After the Storm

By Alex Haro

The weather deteriorated in the Caribbean last week as Hurricane Bonnie stormed her way towards the Gulf. Tensions were high around BP's busted well, and drilling crews were ordered to stop work on the relief wells and pull out of the squall's projected path. As the storm crossed Southern Florida, it lost much of its punch, and crews moved back into the area this week to continue work on the wells.

After reconnaissance of an area where satellites indicated there may be an oil sheen, Coast Guard Admiral and on-site Gulf coordinator Paul Zunkunft told CNN that there's less visible oil in the area than expected–so much less, in fact, that they're having trouble finding it.

"We're not seeing many targets for our fleet of 780 skimmers," he said. "We've had nine days of no new oil being released, so what we’re seeing is the remnants of oil that was released nine days ago."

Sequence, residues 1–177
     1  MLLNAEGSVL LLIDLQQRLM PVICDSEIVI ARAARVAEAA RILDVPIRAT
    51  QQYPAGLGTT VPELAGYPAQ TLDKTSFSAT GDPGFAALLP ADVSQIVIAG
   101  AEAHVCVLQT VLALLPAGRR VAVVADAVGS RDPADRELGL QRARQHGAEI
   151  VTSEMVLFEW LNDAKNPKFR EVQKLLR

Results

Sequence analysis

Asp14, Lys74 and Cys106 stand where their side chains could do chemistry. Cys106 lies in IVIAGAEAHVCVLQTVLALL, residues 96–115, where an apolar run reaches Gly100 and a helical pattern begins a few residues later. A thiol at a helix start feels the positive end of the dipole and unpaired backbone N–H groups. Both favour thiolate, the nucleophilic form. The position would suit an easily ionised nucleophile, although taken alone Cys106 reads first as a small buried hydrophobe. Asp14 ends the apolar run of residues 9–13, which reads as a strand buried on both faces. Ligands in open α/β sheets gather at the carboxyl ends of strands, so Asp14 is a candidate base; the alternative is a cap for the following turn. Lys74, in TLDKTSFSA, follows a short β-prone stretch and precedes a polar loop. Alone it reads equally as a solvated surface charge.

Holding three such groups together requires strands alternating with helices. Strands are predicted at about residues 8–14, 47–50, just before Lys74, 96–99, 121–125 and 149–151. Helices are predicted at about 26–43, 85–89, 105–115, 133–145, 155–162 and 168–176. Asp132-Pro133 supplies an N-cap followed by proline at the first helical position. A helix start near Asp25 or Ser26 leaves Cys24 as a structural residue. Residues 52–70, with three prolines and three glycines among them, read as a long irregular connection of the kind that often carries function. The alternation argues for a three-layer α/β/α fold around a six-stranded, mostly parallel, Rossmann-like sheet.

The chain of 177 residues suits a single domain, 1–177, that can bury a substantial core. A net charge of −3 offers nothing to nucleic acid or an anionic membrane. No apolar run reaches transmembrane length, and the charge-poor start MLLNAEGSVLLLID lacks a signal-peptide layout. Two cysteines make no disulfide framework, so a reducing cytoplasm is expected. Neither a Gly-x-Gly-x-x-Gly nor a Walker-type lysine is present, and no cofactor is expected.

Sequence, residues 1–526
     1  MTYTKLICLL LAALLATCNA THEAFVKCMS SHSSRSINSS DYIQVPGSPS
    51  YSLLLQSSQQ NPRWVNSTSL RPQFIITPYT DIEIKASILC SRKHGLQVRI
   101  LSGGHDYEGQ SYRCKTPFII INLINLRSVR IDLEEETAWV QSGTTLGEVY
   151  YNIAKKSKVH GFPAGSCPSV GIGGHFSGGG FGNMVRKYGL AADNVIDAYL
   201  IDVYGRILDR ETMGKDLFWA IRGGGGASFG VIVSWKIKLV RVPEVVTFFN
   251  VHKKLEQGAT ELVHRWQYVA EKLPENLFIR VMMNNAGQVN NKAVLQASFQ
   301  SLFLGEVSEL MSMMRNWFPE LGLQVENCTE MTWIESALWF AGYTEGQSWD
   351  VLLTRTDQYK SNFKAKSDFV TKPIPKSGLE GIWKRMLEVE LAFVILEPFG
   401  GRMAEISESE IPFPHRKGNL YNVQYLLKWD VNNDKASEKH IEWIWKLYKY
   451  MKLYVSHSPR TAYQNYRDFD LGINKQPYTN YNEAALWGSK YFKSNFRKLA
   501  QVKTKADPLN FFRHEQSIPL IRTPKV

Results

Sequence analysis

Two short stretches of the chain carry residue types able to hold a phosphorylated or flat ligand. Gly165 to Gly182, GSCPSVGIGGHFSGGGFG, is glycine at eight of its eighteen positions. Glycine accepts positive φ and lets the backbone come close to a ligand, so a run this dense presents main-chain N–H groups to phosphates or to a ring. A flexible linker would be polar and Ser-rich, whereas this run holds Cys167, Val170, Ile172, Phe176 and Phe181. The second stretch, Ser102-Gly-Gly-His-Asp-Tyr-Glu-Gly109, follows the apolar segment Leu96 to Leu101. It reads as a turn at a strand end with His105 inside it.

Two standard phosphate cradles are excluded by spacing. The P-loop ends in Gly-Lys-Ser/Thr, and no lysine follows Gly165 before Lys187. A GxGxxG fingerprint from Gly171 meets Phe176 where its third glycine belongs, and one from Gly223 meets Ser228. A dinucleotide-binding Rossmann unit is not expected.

Deepwater Horizon is the second largest spill in the United States, behind only the Lake View Gusher that saw 378,000,000 gallons released in 1911. It's hard to believe that the oil would simply disappear. A big problem the cleanup effort faces is the amount of marshland in the Gulf. As well as making the oil difficult to find, the marshes are also extremely difficult to rehabilitate.

Although crews are back in the area, it's still expected to take up to seven days before things get back to where they were before Bonnie. July 15th was a turning point in the catastrophe–the containment cap was lowered into place and stopped the flow of oil after nearly three months. A temporary fix, the cap is only being used until relief wells can reach the ruptured well and staunch the flow from beneath. Although the relief wells are still thought of as the only permanent way to stop the spill, BP is expected to try another tactic. A "static-kill," which involves pumping mud and concrete into the well (and in turn, forcing the oil back into its reservoir) could begin as soon as August 1st.